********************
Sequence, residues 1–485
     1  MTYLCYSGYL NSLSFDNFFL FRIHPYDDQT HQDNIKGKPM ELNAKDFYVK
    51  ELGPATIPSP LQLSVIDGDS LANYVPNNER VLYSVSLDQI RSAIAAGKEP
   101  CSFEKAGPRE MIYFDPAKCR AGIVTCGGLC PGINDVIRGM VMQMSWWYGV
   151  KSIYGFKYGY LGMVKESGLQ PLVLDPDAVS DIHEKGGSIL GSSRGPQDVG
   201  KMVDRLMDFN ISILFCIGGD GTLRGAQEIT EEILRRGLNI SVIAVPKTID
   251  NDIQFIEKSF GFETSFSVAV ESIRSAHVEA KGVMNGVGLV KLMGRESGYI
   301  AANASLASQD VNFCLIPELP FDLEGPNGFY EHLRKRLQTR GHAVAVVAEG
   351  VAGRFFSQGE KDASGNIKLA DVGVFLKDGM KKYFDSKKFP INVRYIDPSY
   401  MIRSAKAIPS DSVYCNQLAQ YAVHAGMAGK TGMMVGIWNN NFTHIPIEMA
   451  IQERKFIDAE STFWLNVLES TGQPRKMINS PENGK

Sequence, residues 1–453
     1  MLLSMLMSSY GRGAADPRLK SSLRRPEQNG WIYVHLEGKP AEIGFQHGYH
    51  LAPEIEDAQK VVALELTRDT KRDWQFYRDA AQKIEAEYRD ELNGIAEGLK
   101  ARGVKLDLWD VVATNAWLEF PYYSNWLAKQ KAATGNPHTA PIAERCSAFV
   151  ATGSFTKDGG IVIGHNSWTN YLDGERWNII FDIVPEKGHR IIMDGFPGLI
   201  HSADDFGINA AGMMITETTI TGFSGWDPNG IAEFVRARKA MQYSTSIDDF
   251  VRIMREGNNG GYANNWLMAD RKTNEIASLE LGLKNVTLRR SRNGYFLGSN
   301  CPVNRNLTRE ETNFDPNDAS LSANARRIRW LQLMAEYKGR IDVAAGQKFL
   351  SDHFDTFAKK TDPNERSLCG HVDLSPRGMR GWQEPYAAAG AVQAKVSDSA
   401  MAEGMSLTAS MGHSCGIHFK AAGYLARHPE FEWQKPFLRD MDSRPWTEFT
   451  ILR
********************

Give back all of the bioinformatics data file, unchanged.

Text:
Sequence, residues 1–485
     1  MTYLCYSGYL NSLSFDNFFL FRIHPYDDQT HQDNIKGKPM ELNAKDFYVK
    51  ELGPATIPSP LQLSVIDGDS LANYVPNNER VLYSVSLDQI RSAIAAGKEP
   101  CSFEKAGPRE MIYFDPAKCR AGIVTCGGLC PGINDVIRGM VMQMSWWYGV
   151  KSIYGFKYGY LGMVKESGLQ PLVLDPDAVS DIHEKGGSIL GSSRGPQDVG
   201  KMVDRLMDFN ISILFCIGGD GTLRGAQEIT EEILRRGLNI SVIAVPKTID
   251  NDIQFIEKSF GFETSFSVAV ESIRSAHVEA KGVMNGVGLV KLMGRESGYI
   301  AANASLASQD VNFCLIPELP FDLEGPNGFY EHLRKRLQTR GHAVAVVAEG
   351  VAGRFFSQGE KDASGNIKLA DVGVFLKDGM KKYFDSKKFP INVRYIDPSY
   401  MIRSAKAIPS DSVYCNQLAQ YAVHAGMAGK TGMMVGIWNN NFTHIPIEMA
   451  IQERKFIDAE STFWLNVLES TGQPRKMINS PENGK

Sequence, residues 1–453
     1  MLLSMLMSSY GRGAADPRLK SSLRRPEQNG WIYVHLEGKP AEIGFQHGYH
    51  LAPEIEDAQK VVALELTRDT KRDWQFYRDA AQKIEAEYRD ELNGIAEGLK
   101  ARGVKLDLWD VVATNAWLEF PYYSNWLAKQ KAATGNPHTA PIAERCSAFV
   151  ATGSFTKDGG IVIGHNSWTN YLDGERWNII FDIVPEKGHR IIMDGFPGLI
   201  HSADDFGINA AGMMITETTI TGFSGWDPNG IAEFVRARKA MQYSTSIDDF
   251  VRIMREGNNG GYANNWLMAD RKTNEIASLE LGLKNVTLRR SRNGYFLGSN
   301  CPVNRNLTRE ETNFDPNDAS LSANARRIRW LQLMAEYKGR IDVAAGQKFL
   351  SDHFDTFAKK TDPNERSLCG HVDLSPRGMR GWQEPYAAAG AVQAKVSDSA
   401  MAEGMSLTAS MGHSCGIHFK AAGYLARHPE FEWQKPFLRD MDSRPWTEFT
   451  ILR